Now, this doesn’t work for just any old person you meet on the street. There’s probably a pretty good match between people you’d take to lunch and those you could ask to be a reference. So my advice would be to stick to asking those you know well enough.
Being realistic, the widely offered and deeply wrong advice from past decades of job search tricks and tips… that you should try to extract favors, concessions, names, jobs, and career assistance from people you’ve only met over the phone is not only useless, it can be counterproductive to your aims by antagonizing your broader network.
Reserve actual “information networking” for its more productive uses. By making your networking about positive interactive conversation and compliments, you’ll find it pays dividends.
A network is not something you establish overnight. It requires work and time, but the rewards are incalculable. If you are in a job search mode and do not have a good network already in place, there are several ways you can begin to build one. In the ‘challenging waters of career transition,’ your network development should be happening in waves…
The WAVES of PMP Implementation
The concept, here, is to keep a pulse of activity going consistently and regularly into the job market. When you let up, if you take time away from the marketplace, they will tend to forget you…the job market has no memory. It’s up to you to achieve top-of-mind awareness.
Get the Most From Your ‘first wave’ of Networking… Your purpose in this ‘first wave’ of networking is to gain information, advice, and most importantly names of other individuals you can call. The lifeline of networking is to always get more names. Be sure to ask each person if they have a minute to talk to you, and when finished talking thank them for their time.
Make networking calls in a block of time. Each call is more comfortable than the one before. Do not call people and ask them if they have any openings at their company… This is almost always totally non-productive. THE PRINCIPLES BEHIND A SUCCESSFUL JOB SEARCH ARE ALWAYS THE SAME: the search process itself is time consuming work, and the more productive time you spend on your job search the more interviews and job offers you will generate.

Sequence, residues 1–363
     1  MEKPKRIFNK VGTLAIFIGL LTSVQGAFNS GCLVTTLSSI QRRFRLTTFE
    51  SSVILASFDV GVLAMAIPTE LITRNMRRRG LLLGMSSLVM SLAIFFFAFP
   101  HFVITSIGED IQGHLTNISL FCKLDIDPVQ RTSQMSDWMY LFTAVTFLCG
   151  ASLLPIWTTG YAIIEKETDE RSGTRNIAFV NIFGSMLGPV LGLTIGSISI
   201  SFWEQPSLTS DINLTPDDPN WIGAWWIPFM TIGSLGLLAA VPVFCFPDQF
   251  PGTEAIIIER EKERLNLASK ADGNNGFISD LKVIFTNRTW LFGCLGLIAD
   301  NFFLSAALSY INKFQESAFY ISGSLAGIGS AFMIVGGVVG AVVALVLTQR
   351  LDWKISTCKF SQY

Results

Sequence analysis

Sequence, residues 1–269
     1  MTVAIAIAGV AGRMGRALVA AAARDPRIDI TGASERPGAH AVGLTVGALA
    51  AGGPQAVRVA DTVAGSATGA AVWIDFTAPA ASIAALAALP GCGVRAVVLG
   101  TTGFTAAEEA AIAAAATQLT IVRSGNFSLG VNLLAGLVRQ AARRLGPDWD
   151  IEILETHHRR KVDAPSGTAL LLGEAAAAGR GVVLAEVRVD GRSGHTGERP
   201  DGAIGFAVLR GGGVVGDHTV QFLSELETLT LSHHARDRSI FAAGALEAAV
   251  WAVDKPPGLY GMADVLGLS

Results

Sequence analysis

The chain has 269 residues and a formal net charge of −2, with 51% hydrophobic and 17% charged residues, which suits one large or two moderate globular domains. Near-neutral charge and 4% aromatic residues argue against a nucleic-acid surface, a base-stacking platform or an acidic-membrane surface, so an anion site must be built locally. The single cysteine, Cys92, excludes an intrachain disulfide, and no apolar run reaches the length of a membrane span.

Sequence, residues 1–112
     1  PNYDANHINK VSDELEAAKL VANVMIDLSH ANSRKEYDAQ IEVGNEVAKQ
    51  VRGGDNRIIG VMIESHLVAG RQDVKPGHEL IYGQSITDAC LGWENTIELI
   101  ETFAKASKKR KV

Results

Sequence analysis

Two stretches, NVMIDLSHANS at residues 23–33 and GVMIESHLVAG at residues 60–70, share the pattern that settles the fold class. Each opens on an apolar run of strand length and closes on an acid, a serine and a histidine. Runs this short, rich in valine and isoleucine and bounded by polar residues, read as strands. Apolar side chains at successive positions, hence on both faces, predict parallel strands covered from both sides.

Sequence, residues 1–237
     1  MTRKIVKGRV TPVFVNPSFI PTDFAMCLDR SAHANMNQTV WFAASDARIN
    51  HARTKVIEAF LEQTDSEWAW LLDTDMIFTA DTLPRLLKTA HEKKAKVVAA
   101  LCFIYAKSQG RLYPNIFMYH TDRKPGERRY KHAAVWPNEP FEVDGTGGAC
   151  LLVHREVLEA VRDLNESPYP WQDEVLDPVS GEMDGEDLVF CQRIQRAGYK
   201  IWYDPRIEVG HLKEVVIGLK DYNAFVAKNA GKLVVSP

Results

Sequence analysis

So the question at this point is “Where do you find out about job openings and on which avenues of job search should you spend the most time?”
THE BEST (And Worst) OF BOTH WORLDS
Technology has done a terrific job of consolidating posted job leads. Web crawling software can reach out and consolidate classified ads, recruitment posts and company posted job opportunities. We know these consolidated sites as Internet Job Banks… and some of them contain a huge amount of postings.
Unfortunately, their very size makes it challenging to stay current and eliminate redundancy. Also unfortunate is the fact that these very same job banks have consolidated your competition and rejection from Corporate America.
Solution? Use the Job Banks to generate your most attractive leads, then network your way into those targeted organizations.
JOB SEARCH IMPLEMENTATION…
Initiating an effective work-seeking campaign during ANY economic condition presents a terrific opportunity to embrace the concepts of Personal Marketing in The OTHER Job Market… with the focus on job search issues and the creation of a personalized knowledge base and an effective network for the rest of your career.
In the ‘first wave’ you will increase the REACH of your efforts and begin to reestablish old relationships, develop new ones, and identify opportunities. Each opportunity is its own ‘tipping point,’ where you initiate your ‘second, more focused, wave’ which is directed at targeted organizations.
This is one of those measurable, predictable ratios… the more regular you are with your ‘first wave’ contacts and follow-through, the more likely targeted organization contacts will begin to generate INTERVIEWS.